Magnesium Chloride Savior of Civilization

(Ouray) Layers of Magnesium Chloride hitting the highways in Colorado not only effectively melt ice and snow but keeps the encroaching pine and aspen jungle at bay.

According to sources at the Colorado Department of Transportation, the secondary advantages of the chemical application comes as a bit of a surprise and may outweigh the initial benefits associated with dry roads and safe motoring..

“We can’t have the savage forests of Western Colorado dominating town streets and areas of higher population,” said an organic chemist at CDOT who is regarded as the folcrum behind most road treatment projects.

The trees, which threatened to engulf most communities only a few years back are now under control. Many along the highways have died due to the exposure to mag-chloride, which, according to a slew of tests and surveys conducted in Denver, is in no way harmful to humans.

“We don’t know what the overall, long-term effect will be on deer and elk,” said the chemist, “but the magpies seem to be healthy enough.”

When road crews first began applying mag-chloride to the highways it seemed to be the most logical approach to the problem of winter conditions here. Now, after criticism from environmental groups and others who say the winter sun melts the snow in good time.

“Did the Town of Ridgway get a good deal on the stuff?” asked one local critic of the program which she conceded does keep dust down in summer. “I’d rather have a little dust than dead trees and the negative impact on my vehicle. Somebody’s making money on this operation and I don’t mean the average highway worker. It still is not clear how the whole arrangement came down and we fear that someone is being bought off at the upper levels of the existing hierarchy.”

A spokesman for the state transportation agency called the accusations total nonsense saying the mag-chloride is necessary to stay on top of record snowfalls and below average temperatures which “turn the roads to skating rinks and impassible routes to nowhere.”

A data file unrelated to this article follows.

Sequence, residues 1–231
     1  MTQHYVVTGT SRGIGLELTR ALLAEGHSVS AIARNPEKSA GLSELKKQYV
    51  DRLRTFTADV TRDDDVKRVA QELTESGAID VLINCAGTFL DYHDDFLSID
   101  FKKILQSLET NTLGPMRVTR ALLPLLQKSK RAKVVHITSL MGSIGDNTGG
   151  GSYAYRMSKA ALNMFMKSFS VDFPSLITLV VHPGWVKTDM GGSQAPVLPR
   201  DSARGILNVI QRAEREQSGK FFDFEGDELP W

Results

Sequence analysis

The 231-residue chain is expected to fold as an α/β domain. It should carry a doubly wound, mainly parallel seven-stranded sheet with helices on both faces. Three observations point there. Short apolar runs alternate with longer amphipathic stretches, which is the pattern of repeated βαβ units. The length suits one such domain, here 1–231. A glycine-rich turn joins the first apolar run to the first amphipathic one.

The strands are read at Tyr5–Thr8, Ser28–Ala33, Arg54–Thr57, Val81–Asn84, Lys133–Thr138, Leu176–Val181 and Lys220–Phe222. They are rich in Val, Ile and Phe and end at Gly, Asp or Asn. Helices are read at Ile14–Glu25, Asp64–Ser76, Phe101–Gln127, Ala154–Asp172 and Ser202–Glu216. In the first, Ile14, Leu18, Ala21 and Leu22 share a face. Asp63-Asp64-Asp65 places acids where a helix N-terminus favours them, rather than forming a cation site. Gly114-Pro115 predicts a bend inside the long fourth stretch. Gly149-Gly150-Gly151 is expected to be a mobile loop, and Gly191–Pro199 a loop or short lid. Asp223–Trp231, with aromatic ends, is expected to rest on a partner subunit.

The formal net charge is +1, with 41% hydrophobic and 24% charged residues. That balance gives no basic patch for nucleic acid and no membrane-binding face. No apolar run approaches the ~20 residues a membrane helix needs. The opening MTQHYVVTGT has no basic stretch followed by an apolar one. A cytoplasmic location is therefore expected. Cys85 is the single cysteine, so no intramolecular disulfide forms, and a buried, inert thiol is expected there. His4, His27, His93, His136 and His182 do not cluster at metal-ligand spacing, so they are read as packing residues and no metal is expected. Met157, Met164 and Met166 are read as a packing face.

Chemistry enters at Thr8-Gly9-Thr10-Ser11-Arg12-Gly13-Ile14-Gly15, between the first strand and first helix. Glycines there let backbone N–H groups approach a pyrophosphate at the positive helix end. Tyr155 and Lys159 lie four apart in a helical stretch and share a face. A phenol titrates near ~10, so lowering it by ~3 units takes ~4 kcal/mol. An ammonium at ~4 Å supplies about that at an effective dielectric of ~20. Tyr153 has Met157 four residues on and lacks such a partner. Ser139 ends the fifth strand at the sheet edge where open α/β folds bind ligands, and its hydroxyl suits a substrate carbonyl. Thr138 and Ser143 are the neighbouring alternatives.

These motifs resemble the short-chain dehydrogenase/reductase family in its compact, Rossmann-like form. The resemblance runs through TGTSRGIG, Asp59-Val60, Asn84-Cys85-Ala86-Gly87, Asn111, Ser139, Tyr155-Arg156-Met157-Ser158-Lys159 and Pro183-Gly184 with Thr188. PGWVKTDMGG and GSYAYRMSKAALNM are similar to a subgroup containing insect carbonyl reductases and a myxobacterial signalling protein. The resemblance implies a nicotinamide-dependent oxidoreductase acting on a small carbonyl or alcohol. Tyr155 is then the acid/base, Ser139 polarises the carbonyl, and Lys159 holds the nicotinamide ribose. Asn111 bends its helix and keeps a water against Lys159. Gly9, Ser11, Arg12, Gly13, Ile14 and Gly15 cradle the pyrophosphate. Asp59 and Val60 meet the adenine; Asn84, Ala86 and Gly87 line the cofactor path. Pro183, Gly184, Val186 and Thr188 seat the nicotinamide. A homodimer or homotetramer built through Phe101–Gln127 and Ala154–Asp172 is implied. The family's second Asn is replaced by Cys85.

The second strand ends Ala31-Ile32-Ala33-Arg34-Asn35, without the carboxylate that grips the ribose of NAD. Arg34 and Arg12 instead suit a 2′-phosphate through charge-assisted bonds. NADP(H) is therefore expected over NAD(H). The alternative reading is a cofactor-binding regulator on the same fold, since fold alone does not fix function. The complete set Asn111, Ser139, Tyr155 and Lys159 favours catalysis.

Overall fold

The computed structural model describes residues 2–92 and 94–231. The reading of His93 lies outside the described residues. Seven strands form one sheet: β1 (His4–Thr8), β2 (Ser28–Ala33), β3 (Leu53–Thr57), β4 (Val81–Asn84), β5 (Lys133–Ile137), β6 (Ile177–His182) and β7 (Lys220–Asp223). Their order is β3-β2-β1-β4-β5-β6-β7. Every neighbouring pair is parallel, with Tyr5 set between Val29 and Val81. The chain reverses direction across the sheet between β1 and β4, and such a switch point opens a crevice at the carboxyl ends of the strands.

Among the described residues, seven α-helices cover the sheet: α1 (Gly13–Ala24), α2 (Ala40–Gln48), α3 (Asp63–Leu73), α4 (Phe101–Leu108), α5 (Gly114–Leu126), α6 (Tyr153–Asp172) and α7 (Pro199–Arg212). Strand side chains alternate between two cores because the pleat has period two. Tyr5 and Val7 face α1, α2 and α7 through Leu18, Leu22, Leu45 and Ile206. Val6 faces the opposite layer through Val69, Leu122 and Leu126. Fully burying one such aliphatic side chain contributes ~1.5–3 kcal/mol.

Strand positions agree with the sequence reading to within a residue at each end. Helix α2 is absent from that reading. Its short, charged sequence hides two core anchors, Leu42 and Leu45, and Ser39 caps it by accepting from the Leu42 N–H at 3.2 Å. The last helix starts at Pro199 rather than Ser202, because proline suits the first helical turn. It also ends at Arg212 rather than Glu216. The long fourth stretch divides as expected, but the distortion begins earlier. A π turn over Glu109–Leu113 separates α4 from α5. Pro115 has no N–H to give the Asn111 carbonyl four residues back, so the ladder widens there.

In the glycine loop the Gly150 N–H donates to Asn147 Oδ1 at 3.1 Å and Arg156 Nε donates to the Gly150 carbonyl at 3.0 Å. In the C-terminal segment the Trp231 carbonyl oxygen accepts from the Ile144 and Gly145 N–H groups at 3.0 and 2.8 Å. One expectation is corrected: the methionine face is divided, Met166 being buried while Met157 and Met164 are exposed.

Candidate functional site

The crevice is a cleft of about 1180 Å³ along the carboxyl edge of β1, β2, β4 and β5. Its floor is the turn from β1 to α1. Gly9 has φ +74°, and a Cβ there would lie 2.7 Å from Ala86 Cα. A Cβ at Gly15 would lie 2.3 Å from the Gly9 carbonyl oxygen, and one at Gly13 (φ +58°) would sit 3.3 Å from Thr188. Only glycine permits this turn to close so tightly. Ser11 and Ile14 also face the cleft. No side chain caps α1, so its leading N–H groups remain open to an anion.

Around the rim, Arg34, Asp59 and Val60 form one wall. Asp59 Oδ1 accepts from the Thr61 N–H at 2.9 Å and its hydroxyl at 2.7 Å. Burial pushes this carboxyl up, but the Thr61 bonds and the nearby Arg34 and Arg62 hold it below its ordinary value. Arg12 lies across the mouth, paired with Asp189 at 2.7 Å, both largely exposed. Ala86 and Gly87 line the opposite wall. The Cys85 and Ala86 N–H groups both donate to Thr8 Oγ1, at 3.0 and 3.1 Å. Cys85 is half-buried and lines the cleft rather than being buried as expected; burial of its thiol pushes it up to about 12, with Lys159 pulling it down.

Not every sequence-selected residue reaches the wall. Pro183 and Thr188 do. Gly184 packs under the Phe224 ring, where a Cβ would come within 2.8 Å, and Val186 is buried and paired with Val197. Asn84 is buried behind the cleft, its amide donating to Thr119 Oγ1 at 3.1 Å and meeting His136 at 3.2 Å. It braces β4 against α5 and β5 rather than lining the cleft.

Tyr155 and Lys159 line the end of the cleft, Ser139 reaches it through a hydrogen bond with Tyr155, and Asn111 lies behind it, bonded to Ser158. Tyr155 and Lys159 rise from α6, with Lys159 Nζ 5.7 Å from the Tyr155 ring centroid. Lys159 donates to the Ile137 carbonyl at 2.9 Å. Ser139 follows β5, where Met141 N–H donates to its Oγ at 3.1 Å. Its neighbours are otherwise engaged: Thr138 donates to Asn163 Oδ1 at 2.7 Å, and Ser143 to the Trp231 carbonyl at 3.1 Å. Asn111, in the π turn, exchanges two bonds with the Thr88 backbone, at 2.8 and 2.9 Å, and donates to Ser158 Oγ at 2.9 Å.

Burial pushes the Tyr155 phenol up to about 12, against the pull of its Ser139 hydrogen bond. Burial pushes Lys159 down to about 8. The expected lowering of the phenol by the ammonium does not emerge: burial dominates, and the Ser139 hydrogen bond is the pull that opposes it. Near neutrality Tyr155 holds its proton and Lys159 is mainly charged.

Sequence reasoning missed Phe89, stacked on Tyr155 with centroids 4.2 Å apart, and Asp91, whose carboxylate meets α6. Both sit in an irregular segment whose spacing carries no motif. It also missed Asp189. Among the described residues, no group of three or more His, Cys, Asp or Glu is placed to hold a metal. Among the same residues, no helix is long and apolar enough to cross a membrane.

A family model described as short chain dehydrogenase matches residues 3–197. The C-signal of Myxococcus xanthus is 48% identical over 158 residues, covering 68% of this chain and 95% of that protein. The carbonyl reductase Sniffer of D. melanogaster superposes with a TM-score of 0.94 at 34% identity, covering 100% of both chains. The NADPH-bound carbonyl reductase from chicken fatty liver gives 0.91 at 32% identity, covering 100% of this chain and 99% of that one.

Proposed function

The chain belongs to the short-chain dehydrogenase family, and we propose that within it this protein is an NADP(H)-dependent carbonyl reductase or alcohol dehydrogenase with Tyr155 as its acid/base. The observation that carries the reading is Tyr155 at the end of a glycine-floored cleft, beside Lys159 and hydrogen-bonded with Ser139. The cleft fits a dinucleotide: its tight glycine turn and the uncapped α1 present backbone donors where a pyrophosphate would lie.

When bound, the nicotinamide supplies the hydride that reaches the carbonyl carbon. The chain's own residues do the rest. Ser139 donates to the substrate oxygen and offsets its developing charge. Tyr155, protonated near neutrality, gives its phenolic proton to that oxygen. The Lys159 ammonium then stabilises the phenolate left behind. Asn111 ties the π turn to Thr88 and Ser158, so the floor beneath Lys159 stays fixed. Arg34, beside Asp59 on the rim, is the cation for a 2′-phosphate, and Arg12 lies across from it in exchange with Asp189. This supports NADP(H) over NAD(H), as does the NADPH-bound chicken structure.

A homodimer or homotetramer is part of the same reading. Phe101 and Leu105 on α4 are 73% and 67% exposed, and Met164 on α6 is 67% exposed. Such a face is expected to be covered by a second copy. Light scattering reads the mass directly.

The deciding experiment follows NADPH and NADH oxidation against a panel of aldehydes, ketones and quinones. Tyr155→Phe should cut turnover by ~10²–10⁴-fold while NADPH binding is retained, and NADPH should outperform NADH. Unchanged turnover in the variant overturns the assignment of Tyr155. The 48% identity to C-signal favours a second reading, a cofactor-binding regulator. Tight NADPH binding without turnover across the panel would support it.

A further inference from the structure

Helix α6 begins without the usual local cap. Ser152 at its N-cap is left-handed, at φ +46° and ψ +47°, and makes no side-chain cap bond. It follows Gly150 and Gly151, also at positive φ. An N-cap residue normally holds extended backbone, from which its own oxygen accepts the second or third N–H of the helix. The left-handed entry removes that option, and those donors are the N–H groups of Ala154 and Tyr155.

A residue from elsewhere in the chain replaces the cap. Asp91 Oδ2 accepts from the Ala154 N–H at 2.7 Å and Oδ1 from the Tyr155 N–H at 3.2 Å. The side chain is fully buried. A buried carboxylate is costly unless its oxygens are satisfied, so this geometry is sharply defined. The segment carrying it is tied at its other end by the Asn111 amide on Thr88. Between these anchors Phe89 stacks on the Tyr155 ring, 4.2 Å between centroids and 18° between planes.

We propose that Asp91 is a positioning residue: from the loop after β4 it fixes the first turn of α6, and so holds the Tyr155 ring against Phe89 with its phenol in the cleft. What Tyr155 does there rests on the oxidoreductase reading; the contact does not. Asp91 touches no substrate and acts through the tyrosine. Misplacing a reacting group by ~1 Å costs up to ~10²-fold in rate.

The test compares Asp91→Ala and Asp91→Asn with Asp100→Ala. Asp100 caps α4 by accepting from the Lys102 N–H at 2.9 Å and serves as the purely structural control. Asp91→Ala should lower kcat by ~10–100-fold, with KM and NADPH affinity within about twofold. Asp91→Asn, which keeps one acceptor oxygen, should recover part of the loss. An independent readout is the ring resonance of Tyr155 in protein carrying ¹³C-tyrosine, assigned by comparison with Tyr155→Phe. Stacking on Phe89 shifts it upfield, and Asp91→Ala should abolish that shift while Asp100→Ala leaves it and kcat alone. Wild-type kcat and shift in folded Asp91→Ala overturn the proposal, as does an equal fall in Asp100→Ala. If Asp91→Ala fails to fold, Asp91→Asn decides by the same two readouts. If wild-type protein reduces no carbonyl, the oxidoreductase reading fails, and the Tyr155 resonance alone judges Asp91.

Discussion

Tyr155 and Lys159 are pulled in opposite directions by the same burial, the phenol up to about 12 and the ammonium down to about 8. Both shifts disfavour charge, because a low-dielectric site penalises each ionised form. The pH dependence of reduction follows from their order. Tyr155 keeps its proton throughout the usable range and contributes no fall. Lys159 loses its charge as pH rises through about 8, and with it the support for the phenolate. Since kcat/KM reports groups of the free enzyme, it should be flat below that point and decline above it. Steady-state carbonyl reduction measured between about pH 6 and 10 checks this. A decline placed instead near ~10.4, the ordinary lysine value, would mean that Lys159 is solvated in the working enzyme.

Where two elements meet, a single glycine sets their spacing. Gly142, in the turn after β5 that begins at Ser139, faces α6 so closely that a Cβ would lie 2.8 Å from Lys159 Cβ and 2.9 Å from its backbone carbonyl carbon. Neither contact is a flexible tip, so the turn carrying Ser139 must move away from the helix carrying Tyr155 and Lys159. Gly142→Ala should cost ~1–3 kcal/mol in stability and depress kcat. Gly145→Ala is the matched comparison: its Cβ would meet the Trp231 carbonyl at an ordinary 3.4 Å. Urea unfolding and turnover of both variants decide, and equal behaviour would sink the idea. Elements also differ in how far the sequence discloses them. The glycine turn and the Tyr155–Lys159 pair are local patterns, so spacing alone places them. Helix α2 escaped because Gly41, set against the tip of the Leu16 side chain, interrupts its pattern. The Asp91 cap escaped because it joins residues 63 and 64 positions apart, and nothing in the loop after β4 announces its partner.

But now with the realization that mag-chloride kills bad trees and vegetation, the issue is once again on the table as well as up in the air.

“We’re not talking Agent Orange here, or even a less potent defoliant. It’s just mag-chloride,” said the spokesman. “It’s as safe as any other chemical currently in use. Besides, without those trees clogging up everything it’s far easier and cheaper to carry out mowing operations.”

One environmentalist organization, calling itself Western Wilderness Warriors has called for the closure of all highways until the matter is resolved. They insist that the trees have rights and deserve consideration.

“We already see loss of pristine forests to logging and to the construction of subdivisions,” said a release from WWW. “Why do we have to jeopardize our resources just to melt the snow faster. We have lost touch with what is natural on the planet and she is going to come back with a vengeance, just wait and see.”

CDOT sources say that they would prefer building fence and mowing to the application of the chemicals but that, much like nuclear waste, they wouldn’t know what to do with the unused gallons already on site.

“We can’t just dump it in a hole and walk away,” said one worker.


Filed Under: Reflections on Disorder


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